While I was last in Sydney I visited a gallery that primarily shows photography, the MeyerGalleryhttp://www.meyergallery.com.au/ to see Darren Harris's"Psychological Portraits", a series of black and white images that provided impressionistic portraits of humanity's most inner landscapes. Reminiscent at first glance of South African artist William Kentridge's remarkable black and white drawings, Harris, who has a background in psychology and counselling, created images which extended and layered the photographic moment (pictured, above) While at the gallery I noticed that Mary Meyer, her partner Bob Kersey and Tony Eganhttp://tonyeganphotography.com/about.html and Jenny Templinhttp://www.sydneycommunitycollege.com.au/tutor/200 (pictured, above, in a picture I made with the impressive Nikon Coolpix P300 which I am reviewing for a future blog) were all captivated by a website for the late Vivien Maier http://vivianmaier.blogspot.com/ whose photographic archive has only recently been discovered. Maier's artless, heartfelt style reflected a lifelong committment to documenting everyday life, and marked Vivien Maier (1926-2009) as a truly memorable amateur - in the best sense of that word. Darren Harris's exhibition closes June 11.
"Christmas Eve, The Paradise Club, Kings Cross c.1966"
"Robyn Archer in Tonight-Lola Blau c.1982"
Expertly curated by Sarah Johnson, my 1961-2009 retrospective is slowly coming to the end of its long tour through the excellent, inclusive (and enlightening) Australian regional gallery network. I am travelling to Orange Regional Galleryhttp://www.org.nsw.gov.au/ next week to open the penultimate showing of this body of work. I once opened a show in Orange by an old friend, Barry Flakelar, and found their new, modern gallery diverse, welcoming and exciting. Each one of the regional galleries where "Received Moments" has been shown, from Maitland to Broken Hill and the Gold Coast, has taken a slightly different tack with how they displayed the pictures. I look forward to seeing Director Alan Sisley's interpretation. The tour of these pictures has only reinforced my belief in the importance of regional Australian communities. (it's final season opens at the Flinders Art Museum, North Terrace, Adelaide, on October 29 http://www.flinders.edu.au/artmuseum/index.cfm?mid=2&sid=0 ) Until July 31.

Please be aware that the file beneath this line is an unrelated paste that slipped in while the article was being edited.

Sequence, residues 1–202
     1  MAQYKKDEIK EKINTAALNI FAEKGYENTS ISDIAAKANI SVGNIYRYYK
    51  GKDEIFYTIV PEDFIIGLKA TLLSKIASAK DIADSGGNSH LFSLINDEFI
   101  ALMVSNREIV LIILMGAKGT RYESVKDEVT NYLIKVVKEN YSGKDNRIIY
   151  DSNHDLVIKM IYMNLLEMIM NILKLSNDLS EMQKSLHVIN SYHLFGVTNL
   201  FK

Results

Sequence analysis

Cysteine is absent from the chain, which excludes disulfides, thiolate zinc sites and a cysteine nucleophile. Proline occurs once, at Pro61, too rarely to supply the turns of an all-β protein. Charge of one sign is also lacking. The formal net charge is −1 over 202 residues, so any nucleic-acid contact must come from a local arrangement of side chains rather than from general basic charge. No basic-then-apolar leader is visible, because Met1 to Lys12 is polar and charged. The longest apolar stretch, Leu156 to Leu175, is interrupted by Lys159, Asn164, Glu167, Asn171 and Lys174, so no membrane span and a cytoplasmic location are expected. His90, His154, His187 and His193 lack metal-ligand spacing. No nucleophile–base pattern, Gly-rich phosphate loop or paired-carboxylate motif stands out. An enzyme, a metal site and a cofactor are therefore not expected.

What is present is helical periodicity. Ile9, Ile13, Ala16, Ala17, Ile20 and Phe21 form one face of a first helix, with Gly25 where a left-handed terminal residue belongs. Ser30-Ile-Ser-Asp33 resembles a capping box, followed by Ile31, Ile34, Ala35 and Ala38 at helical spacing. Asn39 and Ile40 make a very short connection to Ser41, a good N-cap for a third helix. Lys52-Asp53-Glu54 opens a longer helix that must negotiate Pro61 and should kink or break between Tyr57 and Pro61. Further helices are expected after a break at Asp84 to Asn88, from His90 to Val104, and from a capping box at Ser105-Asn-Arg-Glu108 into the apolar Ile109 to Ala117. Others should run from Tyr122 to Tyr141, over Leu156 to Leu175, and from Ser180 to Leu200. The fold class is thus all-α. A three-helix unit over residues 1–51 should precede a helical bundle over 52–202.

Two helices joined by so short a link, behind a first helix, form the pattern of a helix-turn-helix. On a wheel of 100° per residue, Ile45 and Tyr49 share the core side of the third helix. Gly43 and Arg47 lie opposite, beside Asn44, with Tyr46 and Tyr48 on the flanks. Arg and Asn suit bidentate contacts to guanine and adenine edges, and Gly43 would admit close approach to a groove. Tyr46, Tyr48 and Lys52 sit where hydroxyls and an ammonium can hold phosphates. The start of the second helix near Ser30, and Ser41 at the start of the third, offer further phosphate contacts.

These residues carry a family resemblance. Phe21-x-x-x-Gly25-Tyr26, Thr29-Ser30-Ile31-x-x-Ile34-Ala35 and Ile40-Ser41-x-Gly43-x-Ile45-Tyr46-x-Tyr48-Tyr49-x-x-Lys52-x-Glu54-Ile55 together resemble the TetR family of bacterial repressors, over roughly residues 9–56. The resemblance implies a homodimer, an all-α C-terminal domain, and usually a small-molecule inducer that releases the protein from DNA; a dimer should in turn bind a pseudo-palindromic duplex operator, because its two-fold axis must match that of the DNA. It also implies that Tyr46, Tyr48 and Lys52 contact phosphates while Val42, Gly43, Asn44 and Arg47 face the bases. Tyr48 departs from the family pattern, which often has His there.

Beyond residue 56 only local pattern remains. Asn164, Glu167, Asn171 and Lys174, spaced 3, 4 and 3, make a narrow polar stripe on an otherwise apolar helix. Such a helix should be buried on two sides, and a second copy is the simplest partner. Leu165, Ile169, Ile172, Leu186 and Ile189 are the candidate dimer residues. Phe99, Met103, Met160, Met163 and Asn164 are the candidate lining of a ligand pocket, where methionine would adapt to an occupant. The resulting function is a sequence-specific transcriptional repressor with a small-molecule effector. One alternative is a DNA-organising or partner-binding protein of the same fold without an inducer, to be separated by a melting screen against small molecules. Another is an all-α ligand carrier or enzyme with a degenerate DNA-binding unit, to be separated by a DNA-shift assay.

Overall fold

"I am a Camera" opens at Adelaide's Greenhill Galleries
A diverse and intriguing group of fourteen photographers have contributed to Adelaide's latest photographic exhibition at Greenhill Galleries, North Adelaide. Paul Lloyd's sensual colour images of Australian flora (pictured) were accompanied in the photographer's notes by this appropriate verse:
Little flower – but if I could understand
What you are, root and all, and all in all,
I should know what God and man is.